A: Moment? My work is made from capturing and recording moments…but this one seems to have escaped my watchful eyes! I used to have a business card with Illustrator on it. And one day I consciously changed it to Artist. I remember feeling a strange level of acceptance. That it was OK to be an Artist. It wasn’t unattainable like playing Princess. I could be it…and I was…and I would be OK. I wasn’t just illustrating. I was making. And what I was making was resonating deep inside people. That brings a greater level of responsibility, thus the change on the business card.
Q: What is the first book that moved you? Is there one you wish you would have written or illustrated?
A: Blueberries for Sal has always been my favorite. From the cover to the blueberry ink to the squareness of the mother’s bent-over hips and that kitchen. Oh! And Sal’s shoulder strap. Not to mention the plot and pacing and suspense!
(I had grizzly bears in my dream last night, I just remembered!)
I wished I had written that one and drawn those pictures and picked blueberries that day on that hill with my own Sal or my own mother when I was young. I still half hope to see a bear every time I pick berries.
Q: For a day to be perfect, it would have to include these three things:
A: Some good watching, swimming, and picking berries.
Q: The best advice you’ve ever received, either personally or professionally?
A: I have Sister Corita Kent’s Rules for her art classes above my desk. My favorites are:
Rule #4: Consider everything an experiment
Rule #6: Nothing is a mistake. There is no win or fail. There is only make.
Rule #7: The only rule is work. If you work it will lead to something. It is the people who work all the time who eventually catch on to things.
Q: Tell us about your favorite piece of art you’ve ever made.
A: I have so many! This is one of my favorites right now. I like the look on her face, the determination of a ten-year old girl. I was able to cut how the bowstring ties on to the bow. I also enjoyed returning to my botanical drawing roots and drawing violets. Plus when I showed it to the model’s family, they exclaimed, “How perfect! Her middle name is Violet!” I didn’t know that part. Sometimes pictures just have to be made and I don’t know why until afterwards.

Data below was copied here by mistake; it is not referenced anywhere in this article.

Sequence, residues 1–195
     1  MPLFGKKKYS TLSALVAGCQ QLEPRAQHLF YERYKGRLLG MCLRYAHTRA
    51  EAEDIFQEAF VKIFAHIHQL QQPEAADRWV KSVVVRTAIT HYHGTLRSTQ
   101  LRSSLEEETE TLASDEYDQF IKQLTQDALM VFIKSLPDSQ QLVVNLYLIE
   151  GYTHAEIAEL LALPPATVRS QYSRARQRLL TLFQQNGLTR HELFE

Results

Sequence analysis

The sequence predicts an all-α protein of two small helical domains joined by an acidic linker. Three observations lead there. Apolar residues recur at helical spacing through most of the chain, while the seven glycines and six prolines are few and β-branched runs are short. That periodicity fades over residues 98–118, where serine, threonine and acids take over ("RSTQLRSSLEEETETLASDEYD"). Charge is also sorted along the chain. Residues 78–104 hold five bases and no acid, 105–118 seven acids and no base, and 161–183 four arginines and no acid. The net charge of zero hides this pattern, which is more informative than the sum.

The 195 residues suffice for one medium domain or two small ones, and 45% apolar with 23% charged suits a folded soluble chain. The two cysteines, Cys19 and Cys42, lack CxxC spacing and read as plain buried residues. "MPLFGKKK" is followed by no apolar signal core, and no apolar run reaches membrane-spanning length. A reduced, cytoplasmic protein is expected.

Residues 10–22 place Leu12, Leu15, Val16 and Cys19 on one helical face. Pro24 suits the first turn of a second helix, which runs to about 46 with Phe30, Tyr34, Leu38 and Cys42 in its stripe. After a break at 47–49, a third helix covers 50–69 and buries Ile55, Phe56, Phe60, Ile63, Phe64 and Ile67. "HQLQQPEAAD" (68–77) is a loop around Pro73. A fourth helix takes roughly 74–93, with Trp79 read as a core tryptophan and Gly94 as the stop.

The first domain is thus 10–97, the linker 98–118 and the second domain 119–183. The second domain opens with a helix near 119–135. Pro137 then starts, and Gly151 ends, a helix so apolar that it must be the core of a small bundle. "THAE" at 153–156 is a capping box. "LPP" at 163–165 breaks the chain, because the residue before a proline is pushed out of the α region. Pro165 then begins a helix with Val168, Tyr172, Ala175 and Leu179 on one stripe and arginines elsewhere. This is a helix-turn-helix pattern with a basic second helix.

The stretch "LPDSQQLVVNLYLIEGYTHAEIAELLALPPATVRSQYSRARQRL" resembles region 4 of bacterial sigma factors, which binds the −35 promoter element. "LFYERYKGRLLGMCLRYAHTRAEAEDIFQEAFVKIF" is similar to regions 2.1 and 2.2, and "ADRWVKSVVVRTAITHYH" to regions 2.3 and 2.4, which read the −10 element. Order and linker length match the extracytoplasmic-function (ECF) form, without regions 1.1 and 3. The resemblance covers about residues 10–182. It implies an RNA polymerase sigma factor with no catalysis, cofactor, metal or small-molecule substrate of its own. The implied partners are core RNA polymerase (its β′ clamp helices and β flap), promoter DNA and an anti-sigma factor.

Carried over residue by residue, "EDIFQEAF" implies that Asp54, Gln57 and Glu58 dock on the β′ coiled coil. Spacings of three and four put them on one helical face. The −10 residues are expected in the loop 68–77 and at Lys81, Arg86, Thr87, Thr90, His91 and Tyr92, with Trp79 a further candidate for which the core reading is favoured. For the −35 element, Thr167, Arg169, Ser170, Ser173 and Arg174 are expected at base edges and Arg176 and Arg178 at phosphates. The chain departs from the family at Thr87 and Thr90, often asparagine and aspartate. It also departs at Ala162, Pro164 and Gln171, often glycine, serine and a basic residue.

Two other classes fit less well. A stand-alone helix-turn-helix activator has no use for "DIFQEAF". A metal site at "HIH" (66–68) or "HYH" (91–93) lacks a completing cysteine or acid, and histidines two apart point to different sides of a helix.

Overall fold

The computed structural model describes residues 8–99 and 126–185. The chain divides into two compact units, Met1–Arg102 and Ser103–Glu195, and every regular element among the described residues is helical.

We made bows and arrows for kids at an art show. My husband, Jay T. Scott, is a woodworker. I was surprised that all the eight- to ten-year old girls were intensely drawn to them, more so than the boys. I realized that I wanted one, too! Now I am practicing archery. I now have a longbow. Post Riot Grrrl comes Artemis Rising!
Q: What inspires you through creative blocks?
A: Playing hooky. Going outside and walking in the forest and being a part of the world. My family. My husband and son in a canoe. Chickadees. And when all else fails, or the deadline is tight, sweeping the floor seems to always help clear my mind.
This was lovely, Nikki. I feel so lucky to have your words here on Design Mom!
Her contented happiness is contagious, isn’t it? And her creative block busters – chickadees and sweeping the floor – have been added to my own list. I imagine they’ll be twice as powerful knowing how well they’ve worked for Nikki! I’d love to know: What inspires you through times of low inspiration?
You can find the entire Author Interview Series here.